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Tony Rossi

Radio Host/Producer

Spirit and Guts for Father’s Day

                Anyone who’s seen the Aurora Borealis in pictures, on video or in person knows the beauty these “Northern Lights” can produce. But they’ve rarely produced anything as beautiful as the time they allowed John Sullivan to reconnect with his long-dead father and try to save his life. That’s the premise of the film “Frequency,” released in 2000, and starring Jim Caviezel and Dennis Quaid. And it’s a great movie for Father’s Day.

The story begins in Bayside, Queens, October 1969, a few days before firefighter Frank Sullivan (Quaid) will die while trying to rescue a teenager in an abandoned warehouse fire. Frank is an ideal husband and father who clearly loves and appreciates his wife Julia and their six-year-old son Johnny, who he always encourages to have “spirit and guts.”

Frank is also a ham radio enthusiast who enjoys communicating with people around the world. One day, while the Aurora Borealis begins occurring for a period of time in the Earth’s atmosphere, Frank begins talking to a friendly stranger on the radio. He soon discovers that this is no stranger at all, but his son John, 30 years in the future.

Grown-up John Sullivan (Caviezel) has obviously suffered from the loss of his father many years ago and seems incapable of building the kind of relationship his Dad had with his Mom. But this mysterious connection with the past—explained by the idea of string theory and quantum mechanics breaking down the barriers between past, present and future due to the Aurora Borealis—ignites in him a feeling of fulfillment that has been missing for years.

Frank, of course, is reluctant to believe that he’s actually communicating with the future, while John comes around more quickly, perhaps aided by the fact that this is a dream come true for him. Using the results of the 1969 World Series games featuring the Amazin’ Mets, John finally convinces Frank that the unbelievable is actually happening. Then he has to get him to change the course of action that would end his life.

“Frequency” is largely about the connection between fathers and sons, as well as the strength of family overall. Dennis Quaid exudes character, courage and compassion as Frank. He’s a model for how men should treat their wives and children. Jim Caviezel’s John, on the other hand, reflects what can happen when a child’s father isn’t there to be an influence in his life. The story suggests that John had other men to step in as father figures while he was growing up, but that he never got over the loss of his real dad.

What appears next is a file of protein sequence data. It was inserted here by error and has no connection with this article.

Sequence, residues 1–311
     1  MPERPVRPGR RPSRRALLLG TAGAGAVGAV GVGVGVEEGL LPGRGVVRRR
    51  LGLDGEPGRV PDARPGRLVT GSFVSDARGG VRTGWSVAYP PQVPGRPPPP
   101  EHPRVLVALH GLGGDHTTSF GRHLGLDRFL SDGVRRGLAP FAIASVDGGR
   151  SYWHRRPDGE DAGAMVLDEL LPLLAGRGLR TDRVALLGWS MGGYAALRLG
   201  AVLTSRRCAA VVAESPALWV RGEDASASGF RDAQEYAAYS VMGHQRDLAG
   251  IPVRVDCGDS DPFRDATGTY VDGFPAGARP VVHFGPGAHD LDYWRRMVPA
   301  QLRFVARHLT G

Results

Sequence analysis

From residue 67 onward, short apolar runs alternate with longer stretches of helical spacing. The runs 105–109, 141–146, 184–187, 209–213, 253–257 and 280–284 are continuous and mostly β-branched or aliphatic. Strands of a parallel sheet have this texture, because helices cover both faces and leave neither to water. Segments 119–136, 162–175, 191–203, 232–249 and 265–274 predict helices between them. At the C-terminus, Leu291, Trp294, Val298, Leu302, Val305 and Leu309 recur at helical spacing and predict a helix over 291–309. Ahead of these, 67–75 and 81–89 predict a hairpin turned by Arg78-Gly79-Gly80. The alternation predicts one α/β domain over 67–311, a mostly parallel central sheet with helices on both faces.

If you’re mainly used to seeing Caviezel as the intense, deadpan John Reese on TV’s “Person of Interest,” he may surprise you here. While he conveys the wounded, lonely eyes that reflect loss, he also portrays moments of genuine happiness after finding his father again. The scene in which the two of them have accepted that what is happening is real and simply start communicating with each other from the heart is a magnificent piece of acting.

In the end, “Frequency” is a total wish-fulfillment fantasy. But that’s okay because the movie pulls it off through emotionally engaging storytelling and a riveting plot. Watching these examples of what fatherhood and family should be will resonate with viewers regardless of their real life situations, help them better appreciate their parents and children, and offer a timely reminder that we all need to live with “spirit and guts.”

 

For a free copy of the Christopher News Note, APPRECIATING OUR ELDERS, write: The Christophers, 5 Hanover Square, New York, NY 10004; or e-mail: mail@christophers.org